Ping-ponging back and forth between decades, we once again journey back to the early ’70s. The noisy, recognizable sounds on disc one are in pretty marked contrast to more recent, lighter efforts like Théatre d’Ombres and Fabulae. The first piece, “L’Aventure du Cri,” opens with an empty realm of intense, buzzing static; incessant bird cries and electronic groans and growls. Part two adds in a frog and water splashes with the sound of a milling crowd. The final section contrasts greatly with the first two by way of some turbulent concrète collage: guitar stabs, sirens, whistles, crowds, electronic noise bursts and a pop song snippet.
“Le Language des Fleurs” starts off quiet and brooding, occasionally interrupted by electronic squeaks, chatters, groans, whistles and bird calls. The second section contains a half-minute blast of synth noise, while the third returns to the very austere atmospherics of far-off bird cries, somber synth tones, and distant beeping all over deep space. Very nice. Part four continues with lone whistles and distant, metallic voices occasionally overshadowed by rod, cymbal and electronic outbursts. The closing section busts out again with another chaotic collage full of bustling crowds, classical music, pop-song fragments, electronic noise bursts, wailing sirens, splashing water, exploding hand grenades, etc.
Disc two is divided up into three pieces. “La Preuve le Sens” contains a half-hour-plus suite of various electronic drones—high-pitched, low-pitched, fast-paced or pulsing slow—and is periodically overlaid with more bird calls; spare, percussive knocks; indecipherable vocal shards and other mysterious low-end interruptions and curtain shimmers. The final section reprises sounds from disc one and continues its concrète collage-like nature—even with decipherable spoken English vocals from Soft Machine’s Robert Wyatt plus more buzzing and rasping.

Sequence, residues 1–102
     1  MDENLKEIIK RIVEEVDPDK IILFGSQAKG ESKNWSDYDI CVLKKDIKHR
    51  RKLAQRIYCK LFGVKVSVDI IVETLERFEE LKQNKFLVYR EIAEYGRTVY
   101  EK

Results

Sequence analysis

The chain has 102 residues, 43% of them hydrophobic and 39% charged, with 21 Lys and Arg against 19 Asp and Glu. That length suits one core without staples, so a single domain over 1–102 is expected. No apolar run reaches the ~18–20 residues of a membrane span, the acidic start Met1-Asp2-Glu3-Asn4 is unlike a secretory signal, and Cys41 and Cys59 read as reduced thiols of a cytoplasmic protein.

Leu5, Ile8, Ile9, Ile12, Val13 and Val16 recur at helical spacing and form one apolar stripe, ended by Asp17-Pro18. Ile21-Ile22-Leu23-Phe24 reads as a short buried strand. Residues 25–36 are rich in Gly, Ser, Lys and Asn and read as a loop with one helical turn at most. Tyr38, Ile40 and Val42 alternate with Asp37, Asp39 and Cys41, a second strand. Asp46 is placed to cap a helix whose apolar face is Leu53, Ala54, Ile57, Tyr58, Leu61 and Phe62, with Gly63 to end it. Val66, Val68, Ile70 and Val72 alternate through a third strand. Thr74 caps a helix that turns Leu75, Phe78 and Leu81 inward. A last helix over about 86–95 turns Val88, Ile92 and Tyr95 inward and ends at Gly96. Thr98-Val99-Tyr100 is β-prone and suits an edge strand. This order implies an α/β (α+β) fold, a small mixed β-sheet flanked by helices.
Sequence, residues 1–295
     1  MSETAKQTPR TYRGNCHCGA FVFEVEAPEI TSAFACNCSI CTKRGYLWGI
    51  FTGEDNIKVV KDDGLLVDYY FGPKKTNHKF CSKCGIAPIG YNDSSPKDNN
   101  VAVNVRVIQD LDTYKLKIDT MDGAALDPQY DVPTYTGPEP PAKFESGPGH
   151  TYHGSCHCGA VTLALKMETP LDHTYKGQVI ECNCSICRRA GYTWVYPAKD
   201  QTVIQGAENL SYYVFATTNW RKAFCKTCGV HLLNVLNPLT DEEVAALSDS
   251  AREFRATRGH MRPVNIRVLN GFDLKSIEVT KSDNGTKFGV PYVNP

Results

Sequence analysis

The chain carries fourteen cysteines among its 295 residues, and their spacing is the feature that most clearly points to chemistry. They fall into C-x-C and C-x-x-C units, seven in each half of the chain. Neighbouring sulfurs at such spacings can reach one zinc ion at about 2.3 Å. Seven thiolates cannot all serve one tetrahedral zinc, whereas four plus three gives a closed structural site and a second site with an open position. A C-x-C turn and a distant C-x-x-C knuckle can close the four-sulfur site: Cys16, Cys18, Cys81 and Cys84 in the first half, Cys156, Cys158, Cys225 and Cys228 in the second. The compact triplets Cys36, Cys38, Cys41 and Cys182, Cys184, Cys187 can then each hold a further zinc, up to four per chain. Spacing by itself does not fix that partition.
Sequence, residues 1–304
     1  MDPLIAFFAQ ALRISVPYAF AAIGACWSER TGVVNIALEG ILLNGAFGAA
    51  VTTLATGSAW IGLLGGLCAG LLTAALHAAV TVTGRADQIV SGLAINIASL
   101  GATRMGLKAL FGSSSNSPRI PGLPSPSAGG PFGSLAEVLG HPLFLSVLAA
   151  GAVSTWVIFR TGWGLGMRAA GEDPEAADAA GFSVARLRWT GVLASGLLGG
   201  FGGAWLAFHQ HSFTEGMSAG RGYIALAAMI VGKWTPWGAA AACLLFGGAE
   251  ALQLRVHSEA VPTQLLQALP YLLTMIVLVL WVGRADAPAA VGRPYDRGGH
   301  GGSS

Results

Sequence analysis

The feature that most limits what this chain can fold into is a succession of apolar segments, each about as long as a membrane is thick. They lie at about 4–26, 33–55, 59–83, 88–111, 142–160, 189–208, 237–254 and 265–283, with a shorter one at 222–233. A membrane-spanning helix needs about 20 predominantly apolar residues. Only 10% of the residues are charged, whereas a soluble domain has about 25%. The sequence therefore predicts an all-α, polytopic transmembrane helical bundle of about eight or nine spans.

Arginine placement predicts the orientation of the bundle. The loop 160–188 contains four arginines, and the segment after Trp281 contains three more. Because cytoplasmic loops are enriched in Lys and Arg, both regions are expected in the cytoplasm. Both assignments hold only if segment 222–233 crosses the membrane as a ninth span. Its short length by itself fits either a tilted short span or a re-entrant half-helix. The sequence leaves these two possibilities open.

“L’Epreuve par les Son” is a shimmering, 25-minute drone work marked by rising and falling amplitude—the most minimal Bayle music so far, with potential for full-on, dream-sky transport. Plys of warm, glowing electronic veils float you as far away from your body as you could ever want to go. “La Philosophie du Non” closes out the set with some pristine bell tones and high-pitched feelings, interrupted by more collage-noise elements. The thick-ass booklet of notes contains vintage photos of the composer and newspaper clips from the era. Pretty much perfect.
Label: Magison Cycle Bayle Volumes 5-6 Catalog Number: MG CB 5694 Format: 2-CD Packaging: Double jewel case Tracks: CD 1: 8, CD 2: 7 Total Time: CD 1: 53:55, CD 2: 65:56 Country: France Released: 1994 Related Artists: Luc Ferrari, Bernard Parmegiani, Pierre Schaeffer More: Electro CD, Forced Exposure, Official, Wikipedia